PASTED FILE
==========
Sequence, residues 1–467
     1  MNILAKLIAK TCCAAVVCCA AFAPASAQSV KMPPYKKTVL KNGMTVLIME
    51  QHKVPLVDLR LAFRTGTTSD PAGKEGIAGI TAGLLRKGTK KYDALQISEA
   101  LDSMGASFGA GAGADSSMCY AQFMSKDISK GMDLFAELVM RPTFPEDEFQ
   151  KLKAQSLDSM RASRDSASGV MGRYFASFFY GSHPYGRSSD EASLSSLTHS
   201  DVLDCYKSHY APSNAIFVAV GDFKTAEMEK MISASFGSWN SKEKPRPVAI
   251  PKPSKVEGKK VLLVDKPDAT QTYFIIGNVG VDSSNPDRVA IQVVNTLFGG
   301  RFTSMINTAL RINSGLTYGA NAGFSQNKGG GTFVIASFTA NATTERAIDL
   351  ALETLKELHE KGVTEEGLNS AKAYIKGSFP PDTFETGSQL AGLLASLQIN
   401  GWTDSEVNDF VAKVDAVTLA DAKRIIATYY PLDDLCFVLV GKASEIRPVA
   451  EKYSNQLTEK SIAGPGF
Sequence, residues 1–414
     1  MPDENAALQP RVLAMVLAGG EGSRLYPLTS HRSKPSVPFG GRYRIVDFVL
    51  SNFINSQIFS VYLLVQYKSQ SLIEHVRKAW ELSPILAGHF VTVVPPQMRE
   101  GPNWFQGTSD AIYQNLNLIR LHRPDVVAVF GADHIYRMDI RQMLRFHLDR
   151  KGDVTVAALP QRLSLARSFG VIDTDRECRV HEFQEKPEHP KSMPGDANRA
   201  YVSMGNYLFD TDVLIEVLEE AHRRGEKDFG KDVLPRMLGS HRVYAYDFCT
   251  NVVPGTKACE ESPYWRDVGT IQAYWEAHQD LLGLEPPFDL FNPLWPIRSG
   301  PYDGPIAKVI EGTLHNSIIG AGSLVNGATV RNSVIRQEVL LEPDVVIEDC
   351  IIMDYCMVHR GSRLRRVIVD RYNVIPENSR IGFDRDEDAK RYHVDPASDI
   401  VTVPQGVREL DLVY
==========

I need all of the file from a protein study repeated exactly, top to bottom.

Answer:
Sequence, residues 1–467
     1  MNILAKLIAK TCCAAVVCCA AFAPASAQSV KMPPYKKTVL KNGMTVLIME
    51  QHKVPLVDLR LAFRTGTTSD PAGKEGIAGI TAGLLRKGTK KYDALQISEA
   101  LDSMGASFGA GAGADSSMCY AQFMSKDISK GMDLFAELVM RPTFPEDEFQ
   151  KLKAQSLDSM RASRDSASGV MGRYFASFFY GSHPYGRSSD EASLSSLTHS
   201  DVLDCYKSHY APSNAIFVAV GDFKTAEMEK MISASFGSWN SKEKPRPVAI
   251  PKPSKVEGKK VLLVDKPDAT QTYFIIGNVG VDSSNPDRVA IQVVNTLFGG
   301  RFTSMINTAL RINSGLTYGA NAGFSQNKGG GTFVIASFTA NATTERAIDL
   351  ALETLKELHE KGVTEEGLNS AKAYIKGSFP PDTFETGSQL AGLLASLQIN
   401  GWTDSEVNDF VAKVDAVTLA DAKRIIATYY PLDDLCFVLV GKASEIRPVA
   451  EKYSNQLTEK SIAGPGF
Sequence, residues 1–414
     1  MPDENAALQP RVLAMVLAGG EGSRLYPLTS HRSKPSVPFG GRYRIVDFVL
    51  SNFINSQIFS VYLLVQYKSQ SLIEHVRKAW ELSPILAGHF VTVVPPQMRE
   101  GPNWFQGTSD AIYQNLNLIR LHRPDVVAVF GADHIYRMDI RQMLRFHLDR
   151  KGDVTVAALP QRLSLARSFG VIDTDRECRV HEFQEKPEHP KSMPGDANRA
   201  YVSMGNYLFD TDVLIEVLEE AHRRGEKDFG KDVLPRMLGS HRVYAYDFCT
   251  NVVPGTKACE ESPYWRDVGT IQAYWEAHQD LLGLEPPFDL FNPLWPIRSG
   301  PYDGPIAKVI EGTLHNSIIG AGSLVNGATV RNSVIRQEVL LEPDVVIEDC
   351  IIMDYCMVHR GSRLRRVIVD RYNVIPENSR IGFDRDEDAK RYHVDPASDI
   401  VTVPQGVREL DLVY